Kellner and Meyer also hit it off on a personal level despite their different temperaments. Jamie is a born salesman and bold entrepreneur; Barry is a lawyer and a gentleman who is respected as a highly effective manager. The two moved in the same business circles, and they enjoyed conversing about the entertainment business and debating about where it was all headed next. Given their friendship, Meyer was not particularly surprised to get a call from Kellner one day in early June 1993. When Meyer picked up, it was clear from the crackle of the connection that Kellner was calling from a car phone. Their exchange was brief, but it piqued Meyer's interest.
Kellner asked Meyer if he would be interested in meeting to talk over a new network venture he was considering. Meyer didn't hesitate in his reply. He respected his friend enough to know that he needed to take the meeting. At that moment Kellner was on his way to catch a flight to New York to visit his brother, Tom, on Long Island. He was pleased that Meyer hadn't paused when he'd said "network." The launch of a broadcast network was not for the faint of heart, as Kellner knew from experience. He would spend the next few days sitting on a beach with a yellow legal pad propped up on his knees, sketching out his "fifth network" presentation to Warner Bros.
A man of medium height, sandy brown hair, cut short and preppy, and penetrating blue eyes, Kellner sported a boyish grin just beneath his otherwise steely exterior. He had a nervous habit of twirling a quarter in his fingers when he was deep in thought. Early on in the summer of 1993, he kept the quarters spinning as he and Meyer had long talks about the state of the television business and the monumental changes that were then looming. The entertainment industry was being forced to come to grips with a deregulatory juggernaut in Washington, D.C., that would span the decade, the growth of cable as a mainstream competitive force, and the audience fragmentation it spurred. With more channel choices than ever pouring into the average American living room, ABC, CBS, and NBC couldn't help but lose audience share to Fox and myriad cable upstarts.
It was the confluence of these forces that spurred Kellner to pick up the phone to call Meyer when he did. But according to the WB's founder, there was no more powerful motivator than the visit he paid to his former coworkers at Fox in May 1993, as the 199293 television season drew to a close. About five months had passed since his resignation, and Kellner, by his own account, was dismayed by what he found. Most of his closest former coworkers at Fox were either unhappy, insecure in their jobs, burned out, or all three. After laying low at his home in bucolic Montecito, California, Kellner had forgotten, at least a little bit, how cutthroat the environment at the network could be.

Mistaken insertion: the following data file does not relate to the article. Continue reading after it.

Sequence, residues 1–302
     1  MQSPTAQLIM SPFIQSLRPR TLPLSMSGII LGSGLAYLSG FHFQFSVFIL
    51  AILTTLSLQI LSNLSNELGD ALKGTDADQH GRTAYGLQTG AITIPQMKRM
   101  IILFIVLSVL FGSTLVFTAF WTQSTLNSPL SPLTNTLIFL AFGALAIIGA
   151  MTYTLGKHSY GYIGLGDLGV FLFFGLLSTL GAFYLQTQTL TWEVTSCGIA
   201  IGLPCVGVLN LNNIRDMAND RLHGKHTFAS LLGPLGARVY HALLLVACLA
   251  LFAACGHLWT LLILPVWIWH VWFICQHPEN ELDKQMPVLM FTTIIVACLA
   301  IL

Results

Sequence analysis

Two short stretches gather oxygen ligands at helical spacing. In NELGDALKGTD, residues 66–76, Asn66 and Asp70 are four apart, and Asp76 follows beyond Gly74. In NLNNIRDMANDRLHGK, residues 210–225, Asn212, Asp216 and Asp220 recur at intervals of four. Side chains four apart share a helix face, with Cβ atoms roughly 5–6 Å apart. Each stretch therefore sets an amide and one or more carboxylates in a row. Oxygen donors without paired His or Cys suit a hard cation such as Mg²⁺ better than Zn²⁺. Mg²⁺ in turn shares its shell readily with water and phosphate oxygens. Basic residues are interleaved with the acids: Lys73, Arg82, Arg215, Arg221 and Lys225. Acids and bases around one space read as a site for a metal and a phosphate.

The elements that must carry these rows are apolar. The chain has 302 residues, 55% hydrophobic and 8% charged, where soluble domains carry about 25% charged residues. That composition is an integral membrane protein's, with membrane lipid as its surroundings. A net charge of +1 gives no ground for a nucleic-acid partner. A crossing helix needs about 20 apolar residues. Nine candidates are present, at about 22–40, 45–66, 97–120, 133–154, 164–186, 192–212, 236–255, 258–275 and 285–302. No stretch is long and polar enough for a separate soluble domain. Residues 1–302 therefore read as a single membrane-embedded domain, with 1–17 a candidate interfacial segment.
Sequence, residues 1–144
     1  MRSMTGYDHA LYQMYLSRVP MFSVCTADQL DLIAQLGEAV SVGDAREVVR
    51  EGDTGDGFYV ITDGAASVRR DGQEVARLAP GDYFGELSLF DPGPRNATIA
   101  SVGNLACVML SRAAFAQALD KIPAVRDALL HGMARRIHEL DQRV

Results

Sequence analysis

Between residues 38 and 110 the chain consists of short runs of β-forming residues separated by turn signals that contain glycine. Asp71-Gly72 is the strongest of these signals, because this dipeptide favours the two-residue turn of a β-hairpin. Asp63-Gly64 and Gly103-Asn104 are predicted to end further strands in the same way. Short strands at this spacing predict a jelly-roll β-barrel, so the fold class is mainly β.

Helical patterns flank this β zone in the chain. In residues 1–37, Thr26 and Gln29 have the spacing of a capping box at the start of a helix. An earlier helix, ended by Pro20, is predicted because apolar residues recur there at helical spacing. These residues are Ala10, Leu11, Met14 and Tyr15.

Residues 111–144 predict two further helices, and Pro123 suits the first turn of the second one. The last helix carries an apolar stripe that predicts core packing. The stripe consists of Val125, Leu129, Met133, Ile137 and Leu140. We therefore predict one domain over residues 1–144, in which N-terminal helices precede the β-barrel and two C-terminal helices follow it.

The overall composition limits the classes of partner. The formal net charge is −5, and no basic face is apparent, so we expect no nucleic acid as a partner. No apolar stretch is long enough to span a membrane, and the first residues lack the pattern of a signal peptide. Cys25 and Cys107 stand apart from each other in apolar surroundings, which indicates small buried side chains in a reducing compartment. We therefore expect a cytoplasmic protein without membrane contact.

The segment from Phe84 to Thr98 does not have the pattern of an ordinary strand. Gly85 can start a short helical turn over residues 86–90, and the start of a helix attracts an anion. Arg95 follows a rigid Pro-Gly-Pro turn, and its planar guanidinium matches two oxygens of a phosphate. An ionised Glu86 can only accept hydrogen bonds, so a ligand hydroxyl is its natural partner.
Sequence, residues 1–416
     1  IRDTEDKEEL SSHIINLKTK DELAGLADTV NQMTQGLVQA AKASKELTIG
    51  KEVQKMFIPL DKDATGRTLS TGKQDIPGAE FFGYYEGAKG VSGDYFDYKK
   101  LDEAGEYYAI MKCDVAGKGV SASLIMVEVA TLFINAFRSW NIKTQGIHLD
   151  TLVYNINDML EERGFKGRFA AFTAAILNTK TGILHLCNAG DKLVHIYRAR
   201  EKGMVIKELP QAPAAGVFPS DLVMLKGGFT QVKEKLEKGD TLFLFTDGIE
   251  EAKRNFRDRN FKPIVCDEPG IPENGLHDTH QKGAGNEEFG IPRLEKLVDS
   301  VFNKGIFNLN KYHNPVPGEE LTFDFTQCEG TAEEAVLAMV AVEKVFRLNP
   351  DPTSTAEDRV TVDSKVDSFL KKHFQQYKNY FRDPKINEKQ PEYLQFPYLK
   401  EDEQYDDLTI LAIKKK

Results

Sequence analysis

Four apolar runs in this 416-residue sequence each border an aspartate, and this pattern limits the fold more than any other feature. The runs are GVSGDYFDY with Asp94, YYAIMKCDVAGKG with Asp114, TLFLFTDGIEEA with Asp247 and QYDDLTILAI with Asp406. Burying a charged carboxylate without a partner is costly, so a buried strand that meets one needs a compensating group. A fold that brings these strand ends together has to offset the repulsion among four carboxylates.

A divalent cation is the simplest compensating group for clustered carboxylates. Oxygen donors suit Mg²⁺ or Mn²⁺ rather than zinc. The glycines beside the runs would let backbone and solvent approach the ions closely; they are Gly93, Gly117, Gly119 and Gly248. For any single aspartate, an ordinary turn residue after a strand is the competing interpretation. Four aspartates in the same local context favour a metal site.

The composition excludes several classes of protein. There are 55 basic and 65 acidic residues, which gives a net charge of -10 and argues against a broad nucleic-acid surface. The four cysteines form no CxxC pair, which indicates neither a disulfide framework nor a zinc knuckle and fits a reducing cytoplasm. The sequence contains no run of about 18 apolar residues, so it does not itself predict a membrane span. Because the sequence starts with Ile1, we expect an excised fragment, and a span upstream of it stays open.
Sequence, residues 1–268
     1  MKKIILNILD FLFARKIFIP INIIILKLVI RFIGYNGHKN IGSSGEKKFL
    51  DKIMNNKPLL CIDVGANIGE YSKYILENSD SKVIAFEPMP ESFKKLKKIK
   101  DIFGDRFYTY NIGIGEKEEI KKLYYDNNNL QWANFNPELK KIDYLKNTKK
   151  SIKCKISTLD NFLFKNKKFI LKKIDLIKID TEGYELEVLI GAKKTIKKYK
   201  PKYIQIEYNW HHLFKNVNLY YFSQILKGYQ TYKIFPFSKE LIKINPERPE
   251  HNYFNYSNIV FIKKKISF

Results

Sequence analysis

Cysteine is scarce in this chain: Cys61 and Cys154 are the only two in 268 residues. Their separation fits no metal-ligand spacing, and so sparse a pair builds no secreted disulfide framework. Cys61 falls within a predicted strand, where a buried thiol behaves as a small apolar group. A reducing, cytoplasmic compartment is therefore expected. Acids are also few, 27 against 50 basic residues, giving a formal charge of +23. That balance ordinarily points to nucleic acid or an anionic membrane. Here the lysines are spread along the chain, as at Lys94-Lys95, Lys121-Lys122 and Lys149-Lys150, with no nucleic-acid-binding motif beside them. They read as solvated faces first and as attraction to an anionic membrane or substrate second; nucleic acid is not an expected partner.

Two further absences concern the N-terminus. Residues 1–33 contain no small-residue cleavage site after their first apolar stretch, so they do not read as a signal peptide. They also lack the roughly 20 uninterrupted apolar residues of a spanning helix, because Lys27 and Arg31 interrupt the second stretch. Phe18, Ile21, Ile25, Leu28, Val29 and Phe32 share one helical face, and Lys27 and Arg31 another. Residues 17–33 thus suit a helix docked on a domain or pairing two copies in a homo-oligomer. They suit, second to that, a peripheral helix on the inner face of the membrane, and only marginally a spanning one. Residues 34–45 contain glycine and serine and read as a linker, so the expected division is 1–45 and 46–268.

Kellner pulled out of his VIP visitor's parking spot and out of the 20th Century Fox studio gate in West Los Angeles that day feeling sad. The people who had slaved in the early days to build Fox, against all odds and a Greek chorus of naysayers, were not getting the chance to enjoy the fruits of their labor. Many of them, himself included, had left on less than happy terms. As much as he tried to take it easy in the months after his resignation, Kellner couldn't turn off his entrepreneurial gene. He couldn't stop thinking about the potential opportunity for a start-up broadcast network aimed at a younger audience—like Fox in its early days.
"I began to wonder if I could create a network where we could have fun, an environment where the people who built it could then enjoy it," Kellner says. "That sounds a bit idealistic, but that's what I had in my head."
When Kellner decided to act on his impulse, Warner Bros. was his first choice for a partner. On top of his close relationship with Meyer, Kellner knew Warner Bros.' chieftain Bob Daly from their respective tenures at CBS in the early 1970s, when Daly was rising through the senior management ranks and Kellner was emerging as a business and marketing whiz. Kellner respected Daly and Meyer, and he believed they would trust him to run the network his way. Warner Bros. had a well-established reputation for nurturing mavericks, whether they were directors, actors, musicians, or executives.
Excerpted from Season Finale by Susanne Daniels Copyright © 2007 by Susanne Daniels. Excerpted by permission.